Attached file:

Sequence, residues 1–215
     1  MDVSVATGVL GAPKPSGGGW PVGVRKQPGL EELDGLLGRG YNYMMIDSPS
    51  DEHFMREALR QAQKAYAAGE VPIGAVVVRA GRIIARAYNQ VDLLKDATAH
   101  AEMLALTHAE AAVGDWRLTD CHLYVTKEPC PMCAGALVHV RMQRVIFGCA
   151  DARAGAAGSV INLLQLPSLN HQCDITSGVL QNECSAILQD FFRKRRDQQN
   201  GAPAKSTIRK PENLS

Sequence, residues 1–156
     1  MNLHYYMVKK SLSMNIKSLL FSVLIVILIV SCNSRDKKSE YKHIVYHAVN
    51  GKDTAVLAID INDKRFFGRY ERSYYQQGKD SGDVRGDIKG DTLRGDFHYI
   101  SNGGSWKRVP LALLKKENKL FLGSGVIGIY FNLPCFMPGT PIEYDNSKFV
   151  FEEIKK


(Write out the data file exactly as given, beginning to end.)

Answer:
Sequence, residues 1–215
     1  MDVSVATGVL GAPKPSGGGW PVGVRKQPGL EELDGLLGRG YNYMMIDSPS
    51  DEHFMREALR QAQKAYAAGE VPIGAVVVRA GRIIARAYNQ VDLLKDATAH
   101  AEMLALTHAE AAVGDWRLTD CHLYVTKEPC PMCAGALVHV RMQRVIFGCA
   151  DARAGAAGSV INLLQLPSLN HQCDITSGVL QNECSAILQD FFRKRRDQQN
   201  GAPAKSTIRK PENLS

Sequence, residues 1–156
     1  MNLHYYMVKK SLSMNIKSLL FSVLIVILIV SCNSRDKKSE YKHIVYHAVN
    51  GKDTAVLAID INDKRFFGRY ERSYYQQGKD SGDVRGDIKG DTLRGDFHYI
   101  SNGGSWKRVP LALLKKENKL FLGSGVIGIY FNLPCFMPGT PIEYDNSKFV
   151  FEEIKK